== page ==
Wednesday, July 18, 2012

The Higgs Boson and what really needs finding

Let me apologize in advance for interrupting your musings over important matters—you know, things like why J.Lo and Steven Tyler have left American Idol and what their exit means for the future of mankind. But the scientific community recently celebrated an important breakthrough. Sure, the Higgs Boson can’t compete with even the watered-down, post-Simonic remnant of that show. But what its discovery represents is hope for us all.

In case you haven’t been paying attention, let me tell you what the Higgs Boson is. I don’t know. And I’m in good company. Journalists are already champions at writing their stories before doing their research. Who has time for facts? In the case of the Higgs Boson, though, they had to make the effort to do more than sound smart. Still, the resulting attempts at the subject had poor Peter Higgs, the Boson’s namesake, rolling in his grave. Which was a pretty mean feat considering that Higgs is still alive.

So being a true journalist, I’m going to break from tradition and look out for you instead of my editor. In other words, forget about what the Higgs Boson is. That it’s the smallest particle now known to man, what gives everything on earth its mass, doesn’t matter to you. Or to me. Let’s instead do a search for…all those socks.

Yes, you heard me right, socks. It shouldn’t take a $10-billion particle accelerator to find what seemingly travels to another dimension—or perhaps, since the voyage of these garments begins in a washing machine, to a planet orbiting the luminous Energy Star. Yet you can’t sort laundry after a wash without noticing at least one sock is gone.

In our house, socks are only the warm-up act. True, the TV’s remote hasn’t dissolved into particles since the kids hit middle school. And it’s hardly high technology to phone a misplaced cell phone to listen for its ring, except that before losing my phone I pride myself in turning it off. But Elena’s glasses? Our keys? My credit-card bills, which sit plainly in view for weeks till it comes time for me to pay them?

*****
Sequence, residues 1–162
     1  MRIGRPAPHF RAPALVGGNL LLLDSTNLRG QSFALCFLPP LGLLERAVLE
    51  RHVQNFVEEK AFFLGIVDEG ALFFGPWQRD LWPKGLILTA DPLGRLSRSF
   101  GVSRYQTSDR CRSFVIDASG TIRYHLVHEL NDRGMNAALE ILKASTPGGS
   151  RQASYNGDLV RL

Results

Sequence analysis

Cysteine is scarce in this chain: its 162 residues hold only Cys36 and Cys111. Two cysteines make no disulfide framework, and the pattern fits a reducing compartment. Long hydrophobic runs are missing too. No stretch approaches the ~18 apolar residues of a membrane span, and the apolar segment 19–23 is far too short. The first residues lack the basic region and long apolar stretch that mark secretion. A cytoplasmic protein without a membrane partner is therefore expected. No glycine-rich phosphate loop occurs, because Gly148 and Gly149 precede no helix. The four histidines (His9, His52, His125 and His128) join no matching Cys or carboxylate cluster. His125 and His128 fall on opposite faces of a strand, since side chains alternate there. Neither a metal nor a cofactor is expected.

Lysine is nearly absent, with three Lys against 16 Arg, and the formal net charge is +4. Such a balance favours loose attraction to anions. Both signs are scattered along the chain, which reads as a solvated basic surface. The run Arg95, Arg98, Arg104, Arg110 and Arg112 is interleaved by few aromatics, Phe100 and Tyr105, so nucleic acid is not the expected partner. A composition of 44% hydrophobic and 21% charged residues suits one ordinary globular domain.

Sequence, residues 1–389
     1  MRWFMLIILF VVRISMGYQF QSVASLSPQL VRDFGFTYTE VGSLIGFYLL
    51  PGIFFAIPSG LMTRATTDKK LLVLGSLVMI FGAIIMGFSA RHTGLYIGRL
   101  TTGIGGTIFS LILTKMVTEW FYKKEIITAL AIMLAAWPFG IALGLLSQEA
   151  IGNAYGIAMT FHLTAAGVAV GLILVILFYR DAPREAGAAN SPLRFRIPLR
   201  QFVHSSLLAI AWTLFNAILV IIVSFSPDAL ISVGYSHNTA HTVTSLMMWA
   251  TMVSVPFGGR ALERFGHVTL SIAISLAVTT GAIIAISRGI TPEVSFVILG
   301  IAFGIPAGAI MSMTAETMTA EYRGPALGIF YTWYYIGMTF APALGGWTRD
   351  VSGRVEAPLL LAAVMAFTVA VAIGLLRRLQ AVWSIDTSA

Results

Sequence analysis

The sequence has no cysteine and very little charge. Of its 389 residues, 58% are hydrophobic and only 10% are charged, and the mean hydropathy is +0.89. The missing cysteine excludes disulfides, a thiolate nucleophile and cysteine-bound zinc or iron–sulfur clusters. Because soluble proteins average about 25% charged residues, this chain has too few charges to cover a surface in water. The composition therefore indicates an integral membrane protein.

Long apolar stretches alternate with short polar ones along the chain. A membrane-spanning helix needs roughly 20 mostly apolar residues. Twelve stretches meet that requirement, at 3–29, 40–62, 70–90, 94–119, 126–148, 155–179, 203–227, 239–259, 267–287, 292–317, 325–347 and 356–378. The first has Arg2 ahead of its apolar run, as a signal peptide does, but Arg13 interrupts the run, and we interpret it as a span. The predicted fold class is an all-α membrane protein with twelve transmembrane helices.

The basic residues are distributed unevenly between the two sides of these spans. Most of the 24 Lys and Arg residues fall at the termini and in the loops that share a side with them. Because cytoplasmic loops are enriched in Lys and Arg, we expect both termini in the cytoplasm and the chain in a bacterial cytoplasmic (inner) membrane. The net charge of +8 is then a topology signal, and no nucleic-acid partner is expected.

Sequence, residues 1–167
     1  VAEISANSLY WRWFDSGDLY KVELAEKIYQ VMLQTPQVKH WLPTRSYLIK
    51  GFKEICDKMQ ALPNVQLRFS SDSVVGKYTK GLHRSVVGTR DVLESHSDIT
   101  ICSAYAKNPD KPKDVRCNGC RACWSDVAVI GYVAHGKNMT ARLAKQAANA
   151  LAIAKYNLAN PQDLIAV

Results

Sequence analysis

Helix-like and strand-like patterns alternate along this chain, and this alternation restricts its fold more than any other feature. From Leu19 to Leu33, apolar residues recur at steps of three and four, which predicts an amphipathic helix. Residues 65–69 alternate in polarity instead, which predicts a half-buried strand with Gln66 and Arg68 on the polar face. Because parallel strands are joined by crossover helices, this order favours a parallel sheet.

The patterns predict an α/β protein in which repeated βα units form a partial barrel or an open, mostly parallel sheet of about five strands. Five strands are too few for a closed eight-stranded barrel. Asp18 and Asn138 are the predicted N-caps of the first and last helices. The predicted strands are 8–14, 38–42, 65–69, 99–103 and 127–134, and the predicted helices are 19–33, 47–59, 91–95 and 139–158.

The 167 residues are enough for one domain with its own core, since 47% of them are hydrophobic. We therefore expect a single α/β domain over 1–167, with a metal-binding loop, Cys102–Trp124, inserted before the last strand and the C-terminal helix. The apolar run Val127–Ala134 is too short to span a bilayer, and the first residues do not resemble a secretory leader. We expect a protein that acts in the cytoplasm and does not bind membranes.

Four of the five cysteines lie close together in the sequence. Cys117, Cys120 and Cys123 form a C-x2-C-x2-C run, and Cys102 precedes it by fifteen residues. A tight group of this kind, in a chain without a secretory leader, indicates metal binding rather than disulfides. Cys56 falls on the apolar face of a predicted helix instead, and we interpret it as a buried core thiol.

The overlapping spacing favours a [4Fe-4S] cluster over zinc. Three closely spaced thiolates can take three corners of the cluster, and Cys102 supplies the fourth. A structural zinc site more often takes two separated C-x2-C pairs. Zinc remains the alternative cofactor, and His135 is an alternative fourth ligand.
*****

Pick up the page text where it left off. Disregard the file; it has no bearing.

The scientists found the Higgs Boson using a machine called the Large Hadron Collider, which sounds like a shopping cart that strikes fear in the heart of anyone who parks his shiny new car, a Porsche Hadron, outside the supermarket. If it takes one of these to find all the things that get lost in this house, I want one for Christmas. It shouldn’t cost much now that it’s used. And because physicists are finished using it to find the Higgs Boson, it’s just going to sit around, right?

What most needs finding around here, though, is the result of a certifiable good deed. A friend of son Andrew was, for a time, selling Cutco Cutlery. Sure, they’re fine products, but they’re very expensive. And when you’ve been married for 25-plus years without throwing knives at one another even once, you still have the ones you got a quarter-century ago. So we ordered a few things, including a pair of pruners.

They’re great pruners. The 18-year-old sales rep said they’ll last for years. They will, too. Wouldn’t you agree, since they’re wrapped up carefully in the box they came in? Sure, I know exactly where they are—in that little box. Just don’t ask me where that box is.

The Higgs Boson might tell us how keys, glasses, bills and even those pruners have mass. But someday, I’ll discover where all these things are. When I do, I will be lauded the world over. I can already envision, in fact, the day I go to Oslo to accept my Nobel Prize. My name will be called, and I will stride up the aisle to thunderous applause.

The ordinarily reserved crowd in the seats will be all abuzz. So much so that after I receive my award and all those cameras and phones start clicking away, the award’s presenter will announce that, however unusual, he’d like to ask me a question before I step any farther from the stage.

“Would you kindly tell us why you have a sock stuck to your back?”